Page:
2010 Physician Fee Schedule Released
The 2010 Medicare physician fee schedule (PFS) is projected to increase payments to general practitioners, family physicians, internists, and geriatric specialists by 5 to 8 percent, prior to application of the negative update required by the standard growth rate (SGR), according to the PFS Final rule released on October 30. For calendar year 2010, the conversion factor will be -21.2 percent, the preliminary estimate for the SGR will be -8.8 percent, and the conversion factor will be $28.4061. Physician-administered drugs will be removed from the definition of “physician's services” for purposes of computing the SGR and the levels of allowed expenditures and actual expenditures.
Shortage of Flu Vaccines Leaves Health Care Workers Vulnerable
from the Los Angeles Times
For more than a week, occupational nurse Janet Li-Tall has been giving the H1N1 flu vaccine to a short list of fellow healthcare workers at Ronald Reagan UCLA Medical Center. But she cannot get the coveted vaccine for herself. On the front lines of the H1N1 outbreak, tens of thousands of doctors and nurses in California are scrambling to get vaccinated. One nurse says it's like 'asking us to fight a war without protection.'
House Reform Bill Would Significantly Alter Medicare Payment Policy, Report Finds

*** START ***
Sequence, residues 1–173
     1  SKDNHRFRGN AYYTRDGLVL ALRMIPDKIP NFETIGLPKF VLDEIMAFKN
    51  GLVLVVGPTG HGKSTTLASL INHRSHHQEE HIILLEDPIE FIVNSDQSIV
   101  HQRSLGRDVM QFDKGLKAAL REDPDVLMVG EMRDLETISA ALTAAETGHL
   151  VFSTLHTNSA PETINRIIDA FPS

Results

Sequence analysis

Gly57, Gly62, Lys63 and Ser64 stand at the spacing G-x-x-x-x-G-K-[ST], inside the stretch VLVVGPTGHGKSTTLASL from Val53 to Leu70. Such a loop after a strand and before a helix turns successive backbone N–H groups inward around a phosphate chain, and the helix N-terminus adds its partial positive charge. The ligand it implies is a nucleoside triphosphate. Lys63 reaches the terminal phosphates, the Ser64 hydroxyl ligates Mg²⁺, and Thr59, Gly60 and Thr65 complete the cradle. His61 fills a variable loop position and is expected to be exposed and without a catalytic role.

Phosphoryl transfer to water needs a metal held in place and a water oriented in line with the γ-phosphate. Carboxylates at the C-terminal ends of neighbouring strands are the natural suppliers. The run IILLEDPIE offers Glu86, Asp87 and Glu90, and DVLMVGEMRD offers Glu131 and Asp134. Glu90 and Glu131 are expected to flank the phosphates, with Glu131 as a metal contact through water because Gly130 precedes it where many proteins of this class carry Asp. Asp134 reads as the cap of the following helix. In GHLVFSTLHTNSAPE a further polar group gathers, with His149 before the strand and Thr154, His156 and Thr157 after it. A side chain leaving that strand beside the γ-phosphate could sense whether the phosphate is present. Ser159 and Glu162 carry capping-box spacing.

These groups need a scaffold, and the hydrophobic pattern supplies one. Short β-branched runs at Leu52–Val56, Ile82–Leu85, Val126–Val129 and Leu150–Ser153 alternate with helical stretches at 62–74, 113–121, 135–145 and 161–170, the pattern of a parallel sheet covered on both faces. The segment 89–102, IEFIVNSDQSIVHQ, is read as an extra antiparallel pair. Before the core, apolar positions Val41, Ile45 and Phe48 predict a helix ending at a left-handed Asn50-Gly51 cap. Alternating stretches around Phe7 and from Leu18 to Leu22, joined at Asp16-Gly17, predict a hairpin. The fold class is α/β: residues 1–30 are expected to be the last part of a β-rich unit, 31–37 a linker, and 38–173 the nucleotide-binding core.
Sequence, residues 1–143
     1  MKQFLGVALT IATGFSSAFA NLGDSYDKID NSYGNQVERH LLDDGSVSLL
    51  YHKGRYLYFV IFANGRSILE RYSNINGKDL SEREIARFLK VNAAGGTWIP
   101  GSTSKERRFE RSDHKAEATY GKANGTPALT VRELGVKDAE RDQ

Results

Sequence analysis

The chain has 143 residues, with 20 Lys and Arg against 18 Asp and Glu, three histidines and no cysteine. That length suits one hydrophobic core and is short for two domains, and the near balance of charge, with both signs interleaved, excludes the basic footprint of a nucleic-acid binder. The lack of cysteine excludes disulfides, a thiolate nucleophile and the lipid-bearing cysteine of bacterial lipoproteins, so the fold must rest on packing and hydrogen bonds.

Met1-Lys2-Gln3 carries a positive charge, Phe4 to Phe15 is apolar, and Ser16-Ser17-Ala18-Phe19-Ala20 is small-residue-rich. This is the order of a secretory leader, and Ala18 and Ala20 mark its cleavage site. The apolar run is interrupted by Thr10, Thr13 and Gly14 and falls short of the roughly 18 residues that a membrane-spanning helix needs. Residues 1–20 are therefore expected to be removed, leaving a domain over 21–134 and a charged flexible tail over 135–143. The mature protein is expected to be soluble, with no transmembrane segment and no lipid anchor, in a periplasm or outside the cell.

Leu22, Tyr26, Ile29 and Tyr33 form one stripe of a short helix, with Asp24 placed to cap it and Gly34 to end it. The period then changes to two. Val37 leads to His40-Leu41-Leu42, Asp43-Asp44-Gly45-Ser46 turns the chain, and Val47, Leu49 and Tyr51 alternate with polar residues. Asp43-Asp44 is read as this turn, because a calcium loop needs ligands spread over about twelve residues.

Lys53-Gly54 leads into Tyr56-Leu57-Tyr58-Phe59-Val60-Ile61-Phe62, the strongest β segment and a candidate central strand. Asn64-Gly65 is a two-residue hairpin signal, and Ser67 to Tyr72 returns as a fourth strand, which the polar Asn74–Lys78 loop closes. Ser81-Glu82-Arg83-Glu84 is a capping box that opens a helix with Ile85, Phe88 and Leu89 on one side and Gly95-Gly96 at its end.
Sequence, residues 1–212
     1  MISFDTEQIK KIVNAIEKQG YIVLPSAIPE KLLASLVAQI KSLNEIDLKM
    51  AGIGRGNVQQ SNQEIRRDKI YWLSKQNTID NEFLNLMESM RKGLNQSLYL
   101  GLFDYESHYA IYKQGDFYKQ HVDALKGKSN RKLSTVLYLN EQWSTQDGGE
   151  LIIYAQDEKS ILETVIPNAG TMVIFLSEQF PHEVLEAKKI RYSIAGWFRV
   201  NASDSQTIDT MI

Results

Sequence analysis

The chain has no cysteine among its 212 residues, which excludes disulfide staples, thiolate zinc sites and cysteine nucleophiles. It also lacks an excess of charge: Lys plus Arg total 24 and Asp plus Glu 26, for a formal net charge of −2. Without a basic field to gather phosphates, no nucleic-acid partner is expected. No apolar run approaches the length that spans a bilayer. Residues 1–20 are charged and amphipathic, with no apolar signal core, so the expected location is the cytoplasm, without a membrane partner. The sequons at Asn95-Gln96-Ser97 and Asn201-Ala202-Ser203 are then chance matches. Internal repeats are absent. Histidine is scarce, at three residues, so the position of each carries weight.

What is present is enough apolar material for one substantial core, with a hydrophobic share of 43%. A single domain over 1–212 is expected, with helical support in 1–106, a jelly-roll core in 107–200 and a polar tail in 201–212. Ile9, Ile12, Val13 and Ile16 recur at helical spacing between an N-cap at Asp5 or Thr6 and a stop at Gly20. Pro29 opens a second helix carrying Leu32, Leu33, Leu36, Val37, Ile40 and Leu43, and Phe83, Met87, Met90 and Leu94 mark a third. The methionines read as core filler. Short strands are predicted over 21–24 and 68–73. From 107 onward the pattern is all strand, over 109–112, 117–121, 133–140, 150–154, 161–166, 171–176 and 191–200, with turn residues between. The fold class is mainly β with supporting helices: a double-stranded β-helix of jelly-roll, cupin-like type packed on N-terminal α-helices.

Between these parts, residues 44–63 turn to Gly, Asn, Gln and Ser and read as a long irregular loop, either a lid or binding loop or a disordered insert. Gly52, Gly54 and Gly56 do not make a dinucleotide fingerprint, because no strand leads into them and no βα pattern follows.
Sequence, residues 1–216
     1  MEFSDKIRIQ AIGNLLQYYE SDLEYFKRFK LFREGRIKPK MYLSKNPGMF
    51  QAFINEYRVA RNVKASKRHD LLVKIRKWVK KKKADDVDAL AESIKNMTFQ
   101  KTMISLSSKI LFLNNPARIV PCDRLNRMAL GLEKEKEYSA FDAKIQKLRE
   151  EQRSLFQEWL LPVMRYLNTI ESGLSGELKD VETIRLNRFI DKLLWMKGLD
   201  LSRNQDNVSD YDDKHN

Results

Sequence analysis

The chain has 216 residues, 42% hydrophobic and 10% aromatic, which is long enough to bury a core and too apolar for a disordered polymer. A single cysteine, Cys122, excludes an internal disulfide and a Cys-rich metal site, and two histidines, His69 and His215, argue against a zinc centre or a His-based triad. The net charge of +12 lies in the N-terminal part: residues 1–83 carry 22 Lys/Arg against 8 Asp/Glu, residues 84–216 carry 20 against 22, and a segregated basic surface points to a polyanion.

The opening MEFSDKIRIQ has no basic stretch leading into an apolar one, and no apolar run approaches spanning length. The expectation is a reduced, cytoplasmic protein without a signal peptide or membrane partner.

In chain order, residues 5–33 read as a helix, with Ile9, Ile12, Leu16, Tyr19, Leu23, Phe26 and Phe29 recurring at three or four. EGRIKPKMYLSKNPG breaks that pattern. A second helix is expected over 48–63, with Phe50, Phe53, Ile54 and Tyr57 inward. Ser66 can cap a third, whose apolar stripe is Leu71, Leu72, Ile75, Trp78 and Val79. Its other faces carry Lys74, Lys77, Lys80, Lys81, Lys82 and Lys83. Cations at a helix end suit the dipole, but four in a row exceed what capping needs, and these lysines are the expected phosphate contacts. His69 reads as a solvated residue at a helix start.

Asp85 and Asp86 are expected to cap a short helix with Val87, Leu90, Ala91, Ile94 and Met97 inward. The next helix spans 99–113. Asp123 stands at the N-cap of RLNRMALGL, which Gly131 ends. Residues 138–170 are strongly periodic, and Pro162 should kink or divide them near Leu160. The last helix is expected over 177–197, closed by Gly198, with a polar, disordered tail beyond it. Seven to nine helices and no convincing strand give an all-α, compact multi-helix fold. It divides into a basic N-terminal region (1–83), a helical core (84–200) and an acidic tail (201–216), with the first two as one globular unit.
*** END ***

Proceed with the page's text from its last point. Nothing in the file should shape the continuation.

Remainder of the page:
from McKnight’s Long Term Care & Assisted Living
Under the House healthcare reform package, Medicare payments to skilled nursing facilities would grow slowly, according to a Congressional Research Service report released the day before the bill's passage. The House legislation would subject skilled nursing facility market-basket updates to a "productivity adjustment," significantly slowing an increase in payments. The combination of the productivity adjustment and a proposed elimination in the market basket for the final three quarters of fiscal year 2010 would result in a reduction in Medicare of $23.9 billion over 10 years, according to the American Health Care Association.
North Carolina Mental Patients Stuck in Emergency Rooms for Days
from the Charlotte Observer
Across North Carolina, mental patients are routinely languishing for days in emergency rooms ill-equipped to care for them, waiting for a bed to open at one of four state-run psychiatric hospitals. Lanier Cansler, the state's secretary of health and human services, plans to ease the strain by paying private hospitals with taxpayer money to admit and treat more mental patients, especially those who don't qualify for Medicaid.
Clinton Calls on Senate Democrats to Push Through Health Bill
from The Washington Post
Former president Bill Clinton urged Senate Democrats on Tuesday to overcome their differences and pass health-care reform as soon as possible, warning that politically and economically, "The worst thing to do is nothing." Addressing the Democrats at their caucus luncheon, Clinton noted the grim consequences of his own failed reform effort in 1994: Democrats lost control of Congress in the November midterm elections, health-care costs skyrocketed, and the uninsured rate continued to rise. This time, Clinton told senators to be prepared to compromise for the sake of victory.